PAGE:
New consumer rights in B2C transactions for digital content

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Overview

  • Suppliers of digital content should consider reviewing their terms and conditions ahead of the Consumer Rights Act 2015 coming into effect on 1 October 2015.
  • The Act introduces new rights which cannot be excluded or limited. It also introduces a new right in respect of damage caused by digital content which can be excluded or limited in so far as it is fair to do so.
  • Suppliers should also consider training of staff and a review of their procedures for dealing with complaints ahead of 1 October deadline. This should assist in minimising any additional liability.

Consumer Rights Act 2015

From 1 October the Consumer Rights Act 2015 will automatically provide consumers with new rights when they purchase “digital content”. The latter is broadly defined as “data which are produced and supplied in digital form” and would include apps, games, music, electronic books and other web content. These new rights will apply irrespective of the express terms of any contract that the consumer agrees to.

The new rights will apply if a consumer has paid for the content, it’s supplied free with other goods, services or digital content that the consumer has paid for, or any gift voucher or virtual currency is used in its purchase. It will not, with one exception noted below, apply to the downloading of a web site or other free services.

New rights

The general scheme of the Act is to provide for the same rights to apply to digital content as currently apply to goods:

  • Digital content must be of satisfactory quality according to the expectations of a reasonable person taking into account price, description and other circumstances. So, by way of example, the standard to apply in respect of a 1p app will not be the same as applies to an app worth £20. As with goods, there is no breach of this standard if the consumer was made aware of defects before it acquired the digital content eg through use of a trial version.
  • Digital content must be fit for a particular purpose that the consumer makes known to the seller. The requirement to “make known” suggests that there has to be some active knowledge by the seller, rather than say an email sent immediately before purchase informing the seller of the consumer’s intentions.
  • Digital content must be as described. So for example, they must comply with any description of functionality or compatibility. That said, the explanatory memorandum to the Act provides that there is nothing to stop a seller enhancing functionality as long as the core description of the content remains the same.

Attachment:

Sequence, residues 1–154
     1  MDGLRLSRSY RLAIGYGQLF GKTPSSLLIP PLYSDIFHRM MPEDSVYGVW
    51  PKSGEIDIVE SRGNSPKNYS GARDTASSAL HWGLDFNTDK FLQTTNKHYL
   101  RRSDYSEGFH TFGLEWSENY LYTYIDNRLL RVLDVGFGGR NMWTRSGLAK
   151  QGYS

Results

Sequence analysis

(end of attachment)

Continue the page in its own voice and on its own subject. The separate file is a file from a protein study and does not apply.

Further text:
• The seller has the right to supply the digital content.

Each of these provisions also applies in respect of any update or upgrade to digital content.

Certain information is already to be provided by the seller to the consumer prior to contract under the Consumer Contracts (Information, Cancellation and Additional Charges) Regulations 2013. The Act provides that such information will now form a term of the contract between the consumer and seller.

Remedies in respect of new rights

While a consumer cannot reject digital content, a consumer may:

  • Require a full refund if the seller has no right to supply the digital content
  • Require repair or replacement in the case of breach of satisfactory quality, fitness for purpose or failure to match description. Where a repair or replacement is not effected within a reasonable time or a repair or replacement is not possible, the consumer can require a price reduction, potentially of the full amount.
  • Damages up to the amount of the price for the digital content if the digital content does not match description.

Any attempt by a seller to exclude liability in respect of these rights will be void.

Damage caused by digital content

This right applies regardless of whether the content is paid for or is provided for free provided that:

(a) the digital content causes damage to a device or digital content belonging to a consumer; and

(b) the damage is of a kind that would not have occurred if the seller had exercised reasonable skill and care judged by the standard of the seller’s profession.

Damage could for example include introduction of a virus. In these circumstances the Consumer Rights Act provides that the seller must repair the device at its cost or offer compensation to the consumer.

A seller can exclude or limit its liability, but only in so far as it is fair to do so.